Limits...
Clusters of specialized detector cells provide sensitive and high fidelity receptor signaling in the intact endothelium.

Wilson C, Saunter CD, Girkin JM, McCarron JG - FASEB J. (2016)

Bottom Line: D., Girkin, J.M., McCarron, J.Clusters of specialized detector cells provide sensitive and high fidelity receptor signaling in the intact endothelium.

View Article: PubMed Central - PubMed

Affiliation: Strathclyde Institute of Pharmacy and Biomedical Sciences, University of Strathclyde, Glasgow, United Kingdom; and.

No MeSH data available.


Related in: MedlinePlus

Intraluminal endothelial imaging. A) Simplified schematic diagram of the endothelial microendoscopy utilizing GRIN. B) Schematic illustrating the optical excitation and emission paths through the side-viewing GRIN microprobe. The GRIN reconjugates the image plane of a conventional microscope through the length of the cylinder (green lines). The collimated input excitation light is recollimated at the output of the GRIN (blue lines). C) An image of the distal end of the GRIN microprobe with the microprism attached. The GRIN is protected inside a stainless steel sheath. D) A 3-dimensional rendering of the system on an inverted microscope showing the custom vessel bath, position of the GRIN microprobe assembly, the objective lens, XYZ translation stage for positioning the artery, and excitation coupling and emission pathway. The laser and camera are outside the image. E) Fluorescence image of the endothelium visualized using the GRIN imaging system. Scale bar, 100 μm. F) Individual baseline corrected Ca2+ signals of corresponding ROIs (E) showing spontaneous Ca2+ transients.
© Copyright Policy - open-access
Related In: Results  -  Collection

License
getmorefigures.php?uid=PMC4836367&req=5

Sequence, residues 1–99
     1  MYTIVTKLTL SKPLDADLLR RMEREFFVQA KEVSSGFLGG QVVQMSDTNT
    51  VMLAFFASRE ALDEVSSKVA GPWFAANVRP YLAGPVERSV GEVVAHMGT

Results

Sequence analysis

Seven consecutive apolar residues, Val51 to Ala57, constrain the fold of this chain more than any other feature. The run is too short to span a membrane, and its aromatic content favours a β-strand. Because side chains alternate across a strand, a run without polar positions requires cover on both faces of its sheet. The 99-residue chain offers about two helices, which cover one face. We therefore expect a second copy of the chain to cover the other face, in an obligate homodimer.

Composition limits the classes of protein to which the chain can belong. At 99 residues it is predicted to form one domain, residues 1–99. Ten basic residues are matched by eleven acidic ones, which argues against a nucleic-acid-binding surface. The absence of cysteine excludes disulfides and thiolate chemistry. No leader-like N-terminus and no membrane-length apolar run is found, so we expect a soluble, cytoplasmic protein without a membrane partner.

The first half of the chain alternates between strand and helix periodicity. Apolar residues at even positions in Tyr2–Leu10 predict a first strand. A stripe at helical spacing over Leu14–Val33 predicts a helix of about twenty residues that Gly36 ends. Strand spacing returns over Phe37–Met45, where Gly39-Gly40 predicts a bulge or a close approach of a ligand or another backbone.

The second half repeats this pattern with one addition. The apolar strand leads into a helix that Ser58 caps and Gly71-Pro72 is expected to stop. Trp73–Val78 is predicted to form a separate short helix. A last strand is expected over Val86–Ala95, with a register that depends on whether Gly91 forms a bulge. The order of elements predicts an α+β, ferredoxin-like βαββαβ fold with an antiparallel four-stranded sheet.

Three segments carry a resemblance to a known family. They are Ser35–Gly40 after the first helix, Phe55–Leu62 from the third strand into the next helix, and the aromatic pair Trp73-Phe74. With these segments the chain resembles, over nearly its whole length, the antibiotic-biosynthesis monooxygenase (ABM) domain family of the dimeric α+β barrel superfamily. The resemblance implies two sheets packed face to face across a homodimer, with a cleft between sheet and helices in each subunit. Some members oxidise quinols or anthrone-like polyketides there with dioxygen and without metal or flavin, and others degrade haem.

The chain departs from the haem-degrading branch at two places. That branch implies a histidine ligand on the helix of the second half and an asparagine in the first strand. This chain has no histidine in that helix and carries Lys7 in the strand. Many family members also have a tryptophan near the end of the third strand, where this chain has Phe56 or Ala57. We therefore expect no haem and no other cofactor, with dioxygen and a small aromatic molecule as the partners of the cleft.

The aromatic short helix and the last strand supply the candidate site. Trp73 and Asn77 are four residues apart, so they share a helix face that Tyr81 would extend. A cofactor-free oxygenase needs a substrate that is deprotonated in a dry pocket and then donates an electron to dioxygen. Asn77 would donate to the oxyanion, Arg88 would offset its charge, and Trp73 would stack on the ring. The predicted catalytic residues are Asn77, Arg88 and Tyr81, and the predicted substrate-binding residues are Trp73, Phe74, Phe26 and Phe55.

Figure 1: Intraluminal endothelial imaging. A) Simplified schematic diagram of the endothelial microendoscopy utilizing GRIN. B) Schematic illustrating the optical excitation and emission paths through the side-viewing GRIN microprobe. The GRIN reconjugates the image plane of a conventional microscope through the length of the cylinder (green lines). The collimated input excitation light is recollimated at the output of the GRIN (blue lines). C) An image of the distal end of the GRIN microprobe with the microprism attached. The GRIN is protected inside a stainless steel sheath. D) A 3-dimensional rendering of the system on an inverted microscope showing the custom vessel bath, position of the GRIN microprobe assembly, the objective lens, XYZ translation stage for positioning the artery, and excitation coupling and emission pathway. The laser and camera are outside the image. E) Fluorescence image of the endothelium visualized using the GRIN imaging system. Scale bar, 100 μm. F) Individual baseline corrected Ca2+ signals of corresponding ROIs (E) showing spontaneous Ca2+ transients.

Mentions: Carotid arteries were obtained from male Sprague-Dawley rats [10–12 wk old; 250–350 gm; killed by overdose of pentobarbital sodium; Schedule 1 procedure; Animal (Scientific Procedures) Act 1986, United Kingdom]. The arteries were mounted onto stainless steel (22 gauge) cannulae in a custom vessel bath, and the endothelium was selectively loaded with a fluorescent Ca2+ indicator by perfusing the lumen with a Ca2+ indicator loading solution for 30 min at 37°C. After loading, arteries were removed from one of the cannulae and remounted on a custom microendoscope fluorescence imaging system to visualize the endothelium and maintain the arteries at physiologic pressures (Fig. 1).